Taiwanese steamed buns have long been loved by locals, but they rose to fame outside of Taiwan a few years ago when celebrities put them in the spotlight.
For example, Eddie Huang (a Taiwanese-born writer-comedian-restaurateur) opened a pork belly steamed bun or gua bao restaurant in New York City, and internationally renowned Momofuku chef David Chang embraced them by adding Korean flavours.
The steamed bun is not really a sandwich, but given that a bun is considered 'bread' in Asia, we might just get away with calling it one or considering it a glorified cousin. Either way, the beauty of a steamed bun is in its versatility. It can be eaten fresh out of a steamer, deep-fried and dipped in condensed milk like in Beijing, or stuffed with pork and even red beans.
The filling of steamed buns should be something substantial, which is why braised pork belly steamed buns are one of the most popular (but also because the bread absorbs the natural juices of this meat).
Another loved filling is thin omelettes with spring onion. Many Taiwanese families stuff them into steamed buns for a quick breakfast on the go. This flavour is great when paired with sweetened soy milk or bubble tea.
My favourite steamed bun is filled with a classic thick slab of soy-braised pork belly, coriander, salted peanuts and pickled cabbage. It might sound absurd, but the combination of salty and juicy fatty pork, acidic cabbage and crunchy peanuts is bliss.
Taiwanese people take their pork belly steamed buns very seriously — so much so that in the National Palace Museum in Taipei, locals flock from across the country to take photos of one of the museum's most iconic items: a piece of braised fatty pork.
"In the National Palace Museum in Taipei, locals flock from across the country to take photos of one of the museum's most iconic items: a piece of braised fatty pork."
You may be surprised, but the sculpture is uncanny and looks good enough to eat and I highly recommend buying a replica of it in the souvenir shop.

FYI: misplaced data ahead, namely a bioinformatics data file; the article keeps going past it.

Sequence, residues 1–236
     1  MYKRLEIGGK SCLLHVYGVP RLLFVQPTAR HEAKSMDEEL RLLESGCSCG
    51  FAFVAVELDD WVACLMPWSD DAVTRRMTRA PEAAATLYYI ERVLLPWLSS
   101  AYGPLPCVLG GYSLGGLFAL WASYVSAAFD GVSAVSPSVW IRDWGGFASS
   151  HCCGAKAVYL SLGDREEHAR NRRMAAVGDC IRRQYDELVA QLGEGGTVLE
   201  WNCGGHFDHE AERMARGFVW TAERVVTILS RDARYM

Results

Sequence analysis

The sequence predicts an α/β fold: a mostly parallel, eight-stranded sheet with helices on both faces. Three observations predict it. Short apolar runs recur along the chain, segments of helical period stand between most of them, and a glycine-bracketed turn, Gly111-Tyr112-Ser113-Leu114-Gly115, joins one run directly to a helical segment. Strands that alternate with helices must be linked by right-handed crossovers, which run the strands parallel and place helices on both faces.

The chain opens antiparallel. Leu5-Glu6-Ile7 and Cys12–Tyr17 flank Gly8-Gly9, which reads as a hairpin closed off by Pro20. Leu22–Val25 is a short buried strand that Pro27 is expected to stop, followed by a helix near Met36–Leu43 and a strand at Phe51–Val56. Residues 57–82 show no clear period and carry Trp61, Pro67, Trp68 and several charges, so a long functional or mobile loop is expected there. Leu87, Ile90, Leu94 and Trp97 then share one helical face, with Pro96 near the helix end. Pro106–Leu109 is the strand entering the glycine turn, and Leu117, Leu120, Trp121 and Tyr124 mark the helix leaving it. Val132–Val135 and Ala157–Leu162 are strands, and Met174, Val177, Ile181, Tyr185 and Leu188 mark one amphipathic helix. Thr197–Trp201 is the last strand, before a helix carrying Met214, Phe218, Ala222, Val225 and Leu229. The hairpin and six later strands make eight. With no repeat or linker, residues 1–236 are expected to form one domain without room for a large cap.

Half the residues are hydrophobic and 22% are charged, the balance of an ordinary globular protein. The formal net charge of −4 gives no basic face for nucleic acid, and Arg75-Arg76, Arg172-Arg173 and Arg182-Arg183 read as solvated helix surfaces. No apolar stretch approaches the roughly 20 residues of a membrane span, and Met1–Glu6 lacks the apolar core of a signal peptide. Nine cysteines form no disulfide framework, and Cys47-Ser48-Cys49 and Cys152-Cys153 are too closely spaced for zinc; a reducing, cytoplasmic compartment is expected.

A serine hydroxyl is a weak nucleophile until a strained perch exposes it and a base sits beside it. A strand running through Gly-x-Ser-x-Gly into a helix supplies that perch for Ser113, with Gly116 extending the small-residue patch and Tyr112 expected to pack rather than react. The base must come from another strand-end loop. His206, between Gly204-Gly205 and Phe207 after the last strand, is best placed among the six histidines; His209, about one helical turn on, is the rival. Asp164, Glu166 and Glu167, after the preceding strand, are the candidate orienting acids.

While there are many Taiwanese steamed bun varieties, you really can't beat the original. However, if you're pushed for time, stuffing homemade steamed buns with barbecue pork or roast meat can also work.
Steamed buns (gua bao)
- 360 g all-purpose flour
- 1 ½ tsp yeast
- 1 tsp sugar, heaped
- 1 tbsp cooking oil
- ½ tsp salt
- 150 ml water
- Barbecue pork, roast duck or roast pork belly from a Chinese restaurant, sliced
- Chinese pickled cabbage
- Crushed salted peanuts as a garnish
- Bamboo Steamer
- Put the bun ingredients in a mixer and mix on medium speed for about 5 minutes. You can do this by hand. Knead for at least 10 minutes until the dough is springy. Set aside until the mixture has doubled in size and cover with cling film.
- After about 45 minutes, punch the dough down and shape it into even-sized balls on a lightly floured workbench.
- Lightly flatten each ball with the palm of your hand to achieve an elongated shape. Drizzle some olive oil on one side before folding it over onto itself. You should now have made the bun shape.
- Put each bun on a piece of baking paper and cover it with a tea towel. Let them sit on the counter for at least 25 minutes or until they are about 50 per cent bigger (not doubled) in size. This will stop them from collapsing when you put them in the steamer, even after they are steamed.
- In a large pot, boil water. Once boiling, rest your bamboo steamer on this.
- Carefully place your bun inside the steamer and steam for about 10 minutes.
- Turn off the heat, allow the buns to cool down slightly in the steamer (this will stop the buns from becoming wrinkly) and keep warm. You may need to repeat this process depending on how many steamer tiers you have.
- When ready to eat, stuff your buns with your favourite filling.
Note: If you can't braise your own pork belly, head to a good Chinese restaurant and order pork belly over the barbecue counter and stuff into the buns.